Patty Griffin: songs for the wanderer, and songs for the warriors
Two themes dominate the songwriter’s latest, remarkable album – the death of her Irish-American father, and an American predilection for war
But her major influence has no Irish connection. “James Baldwin was the first writer that cracked something open in me about getting down to the bone of things in my own writing. He was relentlessly honest with himself when he wrote, so the integrity was in the bag. Then he just went on to write it beautifully. So strong and vulnerable all at once.”
In many ways that sums up Patty Griffin as well. You hear it in her songs and in her singing of them. “I don’t have a naturally strong voice. I have to work like an athlete to keep it.”
She is also difficult to lock down into any one genre, given her ability to shift between folk, country, rock, soul and gospel. “I always just think of myself as a singer, so the labelling is for someone else to do.”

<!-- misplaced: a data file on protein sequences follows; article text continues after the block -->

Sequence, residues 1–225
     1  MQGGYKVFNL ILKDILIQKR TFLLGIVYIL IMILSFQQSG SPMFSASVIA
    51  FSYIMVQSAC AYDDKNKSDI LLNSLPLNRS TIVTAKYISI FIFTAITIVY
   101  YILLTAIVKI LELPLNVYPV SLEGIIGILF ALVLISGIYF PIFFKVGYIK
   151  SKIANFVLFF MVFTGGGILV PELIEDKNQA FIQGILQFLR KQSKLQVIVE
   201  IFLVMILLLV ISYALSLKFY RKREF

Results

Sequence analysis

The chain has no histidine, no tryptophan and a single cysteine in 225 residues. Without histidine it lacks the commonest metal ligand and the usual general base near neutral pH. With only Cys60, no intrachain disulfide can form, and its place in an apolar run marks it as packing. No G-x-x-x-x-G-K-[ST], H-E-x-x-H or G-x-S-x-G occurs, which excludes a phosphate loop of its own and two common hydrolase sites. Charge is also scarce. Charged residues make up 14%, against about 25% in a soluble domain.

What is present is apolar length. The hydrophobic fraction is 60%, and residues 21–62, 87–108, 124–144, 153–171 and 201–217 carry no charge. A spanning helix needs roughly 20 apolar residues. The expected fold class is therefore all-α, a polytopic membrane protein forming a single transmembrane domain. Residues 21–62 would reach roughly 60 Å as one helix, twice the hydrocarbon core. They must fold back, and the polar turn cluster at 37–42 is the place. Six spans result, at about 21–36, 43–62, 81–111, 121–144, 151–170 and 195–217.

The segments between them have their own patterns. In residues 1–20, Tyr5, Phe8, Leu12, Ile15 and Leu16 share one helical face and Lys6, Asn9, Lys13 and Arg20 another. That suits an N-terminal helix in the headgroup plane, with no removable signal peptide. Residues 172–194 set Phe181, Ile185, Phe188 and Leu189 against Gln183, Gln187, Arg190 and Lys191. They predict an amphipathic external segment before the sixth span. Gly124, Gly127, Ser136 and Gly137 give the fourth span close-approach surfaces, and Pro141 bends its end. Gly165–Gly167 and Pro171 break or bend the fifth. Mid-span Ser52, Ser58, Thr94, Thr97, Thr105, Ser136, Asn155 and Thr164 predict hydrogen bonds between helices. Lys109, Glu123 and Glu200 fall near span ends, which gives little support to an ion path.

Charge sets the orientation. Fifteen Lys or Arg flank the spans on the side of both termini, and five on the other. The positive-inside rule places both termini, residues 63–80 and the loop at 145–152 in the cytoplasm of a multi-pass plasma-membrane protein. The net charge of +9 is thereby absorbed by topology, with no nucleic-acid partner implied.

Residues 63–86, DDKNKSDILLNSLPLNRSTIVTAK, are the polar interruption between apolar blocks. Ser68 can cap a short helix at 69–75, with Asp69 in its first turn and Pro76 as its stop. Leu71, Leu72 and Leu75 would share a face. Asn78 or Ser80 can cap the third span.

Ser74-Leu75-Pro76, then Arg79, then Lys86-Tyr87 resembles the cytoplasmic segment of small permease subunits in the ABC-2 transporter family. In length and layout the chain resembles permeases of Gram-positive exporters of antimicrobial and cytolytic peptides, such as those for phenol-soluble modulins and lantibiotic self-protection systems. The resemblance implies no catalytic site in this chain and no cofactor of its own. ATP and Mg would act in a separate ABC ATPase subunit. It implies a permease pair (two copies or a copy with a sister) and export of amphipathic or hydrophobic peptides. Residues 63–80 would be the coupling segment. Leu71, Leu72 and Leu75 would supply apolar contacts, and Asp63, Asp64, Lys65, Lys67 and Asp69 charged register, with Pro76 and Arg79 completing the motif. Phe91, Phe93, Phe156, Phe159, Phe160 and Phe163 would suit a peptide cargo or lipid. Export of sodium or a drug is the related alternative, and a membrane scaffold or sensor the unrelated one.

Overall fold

She also relishes learning new things, which led to a recent stint as back-up singer for Robert Plant’s Band of Joy, the Led Zeppelin’s singer’s continuing exploration of Americana.
“I loved that, because I have always loved back-up singers. I love watching footage of Ike and Tina Turner back in the day. They were astonishing. But when you go to the left of the frame, there are these backup singers standing there and they are out of this world. I love Emmylou Harris’s ability to pull a song out of the gutter. I love the way harmony works. I started years ago trying to learn how to do that, and when this came along I was just so excited to get a chance to do it. Not being up front – I loved it. It was an amazing experience.”
It was happy
as well in that, when the tour ended, she and Plant were in what she calls a “residual relationship”. Their roles are reversed now, with Plant occasionally helping out Griffin onstage.
As her live albums testify, you can believe her when she says that “some of the best moments ever for me are singing on a stage”, but a Plant appearance at her solo show in Dublin would add a certain spice.
“I will keep my fingers crossed on that,” she says.
American Kid is out now. Patty Griffin plays Cyprus Avenue, Cork on Tuesday, the Spirit Store, Dundalk on Wednesday and the Sugar Club, Dublin, on Thursday, and will perform at this year’s Other Voices festival